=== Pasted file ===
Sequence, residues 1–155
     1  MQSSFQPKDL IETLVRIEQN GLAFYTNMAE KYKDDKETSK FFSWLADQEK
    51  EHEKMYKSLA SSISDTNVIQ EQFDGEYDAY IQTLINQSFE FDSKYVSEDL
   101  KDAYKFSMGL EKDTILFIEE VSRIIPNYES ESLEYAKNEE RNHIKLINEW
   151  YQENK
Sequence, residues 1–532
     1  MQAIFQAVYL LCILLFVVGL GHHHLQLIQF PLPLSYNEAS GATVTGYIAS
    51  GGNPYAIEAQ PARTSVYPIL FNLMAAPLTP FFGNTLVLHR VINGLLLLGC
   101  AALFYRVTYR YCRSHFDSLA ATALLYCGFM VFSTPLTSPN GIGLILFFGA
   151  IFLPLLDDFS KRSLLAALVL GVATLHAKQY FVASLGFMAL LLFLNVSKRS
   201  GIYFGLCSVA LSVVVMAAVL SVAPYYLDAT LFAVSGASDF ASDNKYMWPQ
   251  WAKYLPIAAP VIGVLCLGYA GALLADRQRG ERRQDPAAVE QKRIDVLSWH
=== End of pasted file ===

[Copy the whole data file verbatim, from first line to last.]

Sequence, residues 1–155
     1  MQSSFQPKDL IETLVRIEQN GLAFYTNMAE KYKDDKETSK FFSWLADQEK
    51  EHEKMYKSLA SSISDTNVIQ EQFDGEYDAY IQTLINQSFE FDSKYVSEDL
   101  KDAYKFSMGL EKDTILFIEE VSRIIPNYES ESLEYAKNEE RNHIKLINEW
   151  YQENK
Sequence, residues 1–532
     1  MQAIFQAVYL LCILLFVVGL GHHHLQLIQF PLPLSYNEAS GATVTGYIAS
    51  GGNPYAIEAQ PARTSVYPIL FNLMAAPLTP FFGNTLVLHR VINGLLLLGC
   101  AALFYRVTYR YCRSHFDSLA ATALLYCGFM VFSTPLTSPN GIGLILFFGA
   151  IFLPLLDDFS KRSLLAALVL GVATLHAKQY FVASLGFMAL LLFLNVSKRS
   201  GIYFGLCSVA LSVVVMAAVL SVAPYYLDAT LFAVSGASDF ASDNKYMWPQ
   251  WAKYLPIAAP VIGVLCLGYA GALLADRQRG ERRQDPAAVE QKRIDVLSWH